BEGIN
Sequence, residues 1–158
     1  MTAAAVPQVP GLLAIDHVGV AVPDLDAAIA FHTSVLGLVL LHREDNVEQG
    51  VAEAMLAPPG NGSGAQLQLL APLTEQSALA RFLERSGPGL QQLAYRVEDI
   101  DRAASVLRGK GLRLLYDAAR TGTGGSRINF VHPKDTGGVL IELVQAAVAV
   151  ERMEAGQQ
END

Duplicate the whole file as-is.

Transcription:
Sequence, residues 1–158
     1  MTAAAVPQVP GLLAIDHVGV AVPDLDAAIA FHTSVLGLVL LHREDNVEQG
    51  VAEAMLAPPG NGSGAQLQLL APLTEQSALA RFLERSGPGL QQLAYRVEDI
   101  DRAASVLRGK GLRLLYDAAR TGTGGSRINF VHPKDTGGVL IELVQAAVAV
   151  ERMEAGQQ